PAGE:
Stratford sub Castle Garden Club -  December 2020

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An intricately carved piece of antique furniture shows up best on a plain carpet or floor covering. In just the same way, your favourite plants show up best with a low key surround. What could you try?  



Quite a few years ago, on a visit to the Royal Horticultural Society Garden at Harlow Carr near Harrogate, two grasses caught my eye. I had never planted grasses in flower beds before and even the names put me off. They were Miscanthus transmorrisonensis and Miscanthus sinensis ‘Yakushima Dwarf’. See what I mean?

We saw them in late summer and I decided that I would see what they looked like in winter before I made a decision about them. Consequently, one very cold January morning we returned to the (now deserted) gardens. I was so delighted (even though very cold) to see transmorrisonensis standing over two metres tall, totally unsupported, blowing in the wind and looking wonderful while all around was dead or dying. ‘Dwarf’, though much smaller, with its white tufty flower heads, was still perfectly formed.

This is what is so good about grasses. In winter, when evergreen trees and shrubs give strong, firm, structure to the garden, grasses give contrast with delicate looking and fluffy flower heads that sparkle in the low sunlight, especially if they are covered with raindrops or frost. They are lively because they move easily in the wind. Many of them are gold or light yellow coloured by now so give colour contrast as well.

What else is good about them? Well, I have quite a collection of them now and, apart from one, they are all drought tolerant and immune to all the usual garden pests. The only attention that they need is to cut them right down in February, just before the new growth starts. Don’t be late with this because if you spoil the new growth it will stay damaged for the rest of the year. Most plants in your garden grow from the top, (think new buds and leaves) whereas grasses grow from the bottom. Plants that look good from May to February are just what a gardener needs and when they have been cut down it is time for the Spring bulbs and flowers to appear.

How best to use them? Unless you are testing how well they perform in your soil probably don’t plant them singly. Groups of three or five work well unless you have a large garden and can plant them in drifts, as in a Prairie style. Incidentally, one, in a pot, can look wonderful. As I mentioned earlier, to make your favourite flowering plants show up, plant groups of grasses among them to separate or frame them.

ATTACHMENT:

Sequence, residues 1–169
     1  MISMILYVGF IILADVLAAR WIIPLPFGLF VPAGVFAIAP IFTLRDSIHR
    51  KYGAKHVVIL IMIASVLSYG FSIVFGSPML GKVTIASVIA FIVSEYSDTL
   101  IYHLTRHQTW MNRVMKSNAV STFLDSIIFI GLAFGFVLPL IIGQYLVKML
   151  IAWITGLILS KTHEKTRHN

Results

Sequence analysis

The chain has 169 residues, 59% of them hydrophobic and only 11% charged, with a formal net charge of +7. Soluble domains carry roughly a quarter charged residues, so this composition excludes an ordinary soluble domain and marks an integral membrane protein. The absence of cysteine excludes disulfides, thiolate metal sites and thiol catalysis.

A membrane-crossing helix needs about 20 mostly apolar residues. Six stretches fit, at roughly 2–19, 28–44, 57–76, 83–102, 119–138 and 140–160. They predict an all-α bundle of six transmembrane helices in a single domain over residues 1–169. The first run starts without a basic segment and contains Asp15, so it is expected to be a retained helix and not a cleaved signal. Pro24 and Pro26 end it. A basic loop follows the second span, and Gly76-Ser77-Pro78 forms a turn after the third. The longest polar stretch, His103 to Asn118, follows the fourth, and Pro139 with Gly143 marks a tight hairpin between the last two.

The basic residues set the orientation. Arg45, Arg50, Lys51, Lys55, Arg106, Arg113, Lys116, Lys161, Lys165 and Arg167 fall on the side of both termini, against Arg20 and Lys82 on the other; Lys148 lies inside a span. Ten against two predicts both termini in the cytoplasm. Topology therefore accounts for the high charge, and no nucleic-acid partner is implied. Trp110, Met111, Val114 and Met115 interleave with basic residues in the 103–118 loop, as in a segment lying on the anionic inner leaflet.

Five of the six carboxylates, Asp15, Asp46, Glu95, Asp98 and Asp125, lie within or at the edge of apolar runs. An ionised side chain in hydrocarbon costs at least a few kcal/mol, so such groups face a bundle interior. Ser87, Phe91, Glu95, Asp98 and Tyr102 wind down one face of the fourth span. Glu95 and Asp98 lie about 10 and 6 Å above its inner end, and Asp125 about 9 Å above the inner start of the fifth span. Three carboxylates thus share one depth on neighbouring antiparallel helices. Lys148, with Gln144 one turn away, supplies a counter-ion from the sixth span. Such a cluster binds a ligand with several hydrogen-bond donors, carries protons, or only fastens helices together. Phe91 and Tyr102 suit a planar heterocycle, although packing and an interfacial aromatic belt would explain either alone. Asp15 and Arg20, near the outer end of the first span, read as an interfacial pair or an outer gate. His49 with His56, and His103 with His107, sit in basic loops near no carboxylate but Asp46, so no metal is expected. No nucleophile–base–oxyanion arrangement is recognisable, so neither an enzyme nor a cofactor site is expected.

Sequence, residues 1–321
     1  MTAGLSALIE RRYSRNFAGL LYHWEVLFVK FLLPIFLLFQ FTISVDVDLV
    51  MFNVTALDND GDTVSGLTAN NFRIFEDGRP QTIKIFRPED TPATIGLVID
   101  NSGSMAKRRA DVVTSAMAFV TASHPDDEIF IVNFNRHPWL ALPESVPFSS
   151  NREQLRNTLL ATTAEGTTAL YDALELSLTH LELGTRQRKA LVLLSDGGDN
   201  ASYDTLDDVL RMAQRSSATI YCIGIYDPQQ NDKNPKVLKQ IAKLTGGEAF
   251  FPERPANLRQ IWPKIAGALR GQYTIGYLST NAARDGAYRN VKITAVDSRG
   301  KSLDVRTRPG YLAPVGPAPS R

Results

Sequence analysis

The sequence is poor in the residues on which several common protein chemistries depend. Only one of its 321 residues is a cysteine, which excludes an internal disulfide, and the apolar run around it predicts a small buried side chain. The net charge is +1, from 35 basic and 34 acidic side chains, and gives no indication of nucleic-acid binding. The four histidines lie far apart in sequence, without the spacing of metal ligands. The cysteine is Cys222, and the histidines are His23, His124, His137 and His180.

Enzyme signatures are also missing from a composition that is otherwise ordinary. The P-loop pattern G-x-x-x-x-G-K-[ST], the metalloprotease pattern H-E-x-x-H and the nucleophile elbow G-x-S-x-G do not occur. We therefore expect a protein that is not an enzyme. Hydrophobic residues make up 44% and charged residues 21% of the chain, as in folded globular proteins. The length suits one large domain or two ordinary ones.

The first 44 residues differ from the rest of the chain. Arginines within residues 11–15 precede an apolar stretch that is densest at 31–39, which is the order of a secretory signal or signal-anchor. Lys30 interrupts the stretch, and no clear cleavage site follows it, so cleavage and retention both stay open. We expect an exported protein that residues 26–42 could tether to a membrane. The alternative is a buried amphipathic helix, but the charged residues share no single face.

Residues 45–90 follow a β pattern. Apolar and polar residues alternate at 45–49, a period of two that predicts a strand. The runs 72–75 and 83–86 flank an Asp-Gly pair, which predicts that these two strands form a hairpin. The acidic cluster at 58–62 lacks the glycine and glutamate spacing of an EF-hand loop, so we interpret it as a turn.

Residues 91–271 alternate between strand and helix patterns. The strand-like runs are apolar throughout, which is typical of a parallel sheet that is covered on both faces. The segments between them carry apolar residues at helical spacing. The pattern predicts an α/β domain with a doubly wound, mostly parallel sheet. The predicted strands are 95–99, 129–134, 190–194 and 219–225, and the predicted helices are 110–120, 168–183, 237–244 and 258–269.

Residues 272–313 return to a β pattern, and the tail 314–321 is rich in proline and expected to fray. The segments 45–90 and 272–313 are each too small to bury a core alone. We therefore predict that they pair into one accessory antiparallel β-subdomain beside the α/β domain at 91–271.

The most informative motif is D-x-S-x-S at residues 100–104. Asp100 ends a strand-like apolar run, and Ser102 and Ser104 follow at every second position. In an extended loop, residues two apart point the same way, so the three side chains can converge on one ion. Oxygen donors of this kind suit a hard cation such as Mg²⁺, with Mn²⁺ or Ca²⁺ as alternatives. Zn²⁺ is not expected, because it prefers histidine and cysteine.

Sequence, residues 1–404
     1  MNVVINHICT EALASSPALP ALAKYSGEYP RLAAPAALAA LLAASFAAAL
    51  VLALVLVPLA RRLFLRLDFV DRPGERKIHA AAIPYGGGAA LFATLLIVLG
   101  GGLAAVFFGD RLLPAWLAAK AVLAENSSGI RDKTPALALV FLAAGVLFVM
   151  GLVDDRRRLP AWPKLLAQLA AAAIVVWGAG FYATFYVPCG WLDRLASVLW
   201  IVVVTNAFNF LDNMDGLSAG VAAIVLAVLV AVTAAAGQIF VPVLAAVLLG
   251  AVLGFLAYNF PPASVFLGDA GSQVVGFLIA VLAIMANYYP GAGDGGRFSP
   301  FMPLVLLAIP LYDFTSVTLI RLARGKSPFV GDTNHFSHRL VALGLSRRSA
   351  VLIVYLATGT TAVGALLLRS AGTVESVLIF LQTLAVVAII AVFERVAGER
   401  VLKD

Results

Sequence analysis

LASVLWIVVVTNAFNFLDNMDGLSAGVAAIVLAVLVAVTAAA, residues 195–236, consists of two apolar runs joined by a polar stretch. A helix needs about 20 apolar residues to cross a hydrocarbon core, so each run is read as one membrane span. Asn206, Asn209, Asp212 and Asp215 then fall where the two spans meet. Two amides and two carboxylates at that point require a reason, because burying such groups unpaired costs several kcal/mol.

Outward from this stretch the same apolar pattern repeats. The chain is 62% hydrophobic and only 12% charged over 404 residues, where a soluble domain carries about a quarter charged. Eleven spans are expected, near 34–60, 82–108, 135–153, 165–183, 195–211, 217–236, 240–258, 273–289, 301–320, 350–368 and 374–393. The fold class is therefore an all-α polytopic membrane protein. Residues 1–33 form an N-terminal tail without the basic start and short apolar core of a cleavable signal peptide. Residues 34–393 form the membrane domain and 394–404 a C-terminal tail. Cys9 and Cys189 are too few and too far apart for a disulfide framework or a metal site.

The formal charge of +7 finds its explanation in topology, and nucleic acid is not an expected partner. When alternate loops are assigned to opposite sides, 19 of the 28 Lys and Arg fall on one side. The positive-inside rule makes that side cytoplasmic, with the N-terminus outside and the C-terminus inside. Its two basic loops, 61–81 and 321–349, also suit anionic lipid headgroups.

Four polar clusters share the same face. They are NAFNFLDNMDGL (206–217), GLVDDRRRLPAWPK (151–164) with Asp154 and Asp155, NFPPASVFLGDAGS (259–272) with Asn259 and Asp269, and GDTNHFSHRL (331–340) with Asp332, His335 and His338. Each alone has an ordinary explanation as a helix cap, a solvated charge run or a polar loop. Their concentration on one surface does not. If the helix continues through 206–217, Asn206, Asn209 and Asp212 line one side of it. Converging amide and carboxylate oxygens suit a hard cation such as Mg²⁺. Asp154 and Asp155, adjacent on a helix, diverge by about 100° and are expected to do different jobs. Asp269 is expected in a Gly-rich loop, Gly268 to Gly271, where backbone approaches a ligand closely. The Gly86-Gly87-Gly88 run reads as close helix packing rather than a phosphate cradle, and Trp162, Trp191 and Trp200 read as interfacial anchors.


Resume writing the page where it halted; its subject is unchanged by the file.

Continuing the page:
Another good use is as a garden divider. Tall grasses can partially obscure your view across a garden so give you a temporary division of areas or they can make a compost heap disappear. Prairie style planting uses lots of tall grasses with pockets of tall ‘daisy’ type flowers such as Helenium or Rudbeckia. You could try an area like this in a usual bed or border.

As you have seen, some of the names are not appealing, so, rather than list them here, I invite you to come and look at them in the garden, this winter, when Covid restrictions are lifted. That way you can get the names of the ones you like and I can pass on information of where to buy them and see them growing in vast quantities.

Barry and the Committee of the Garden Club wish you a peaceful and healthy Christmas and New Year. The coming few weeks are not going to be full of the usual festivities but there are vaccines on the horizon so we know that things are going to get better.


Meanwhile, plan for normality in the future and treasure plants, trees, parks and gardens and look forward to our meetings again.

Dorothy Richards

December 2020 

Tel 01722 321431

All images on this page - Dorothy Richards.

3247 is Miscanthus sinensis 'Yakushima D

Miscanthus sinensis 'Yakushima Dwarf'

3199 is Calamagrostis 'Karl Foerster' (1

'Karl Foerster' 

3244 is Miscanthus sinensis 'Morning Lig

Miscanthus sinensis
'Morning Light'

3202 is Deschampsia 'Goldschleier' (1).j

Deschampsia 'Goldschleier'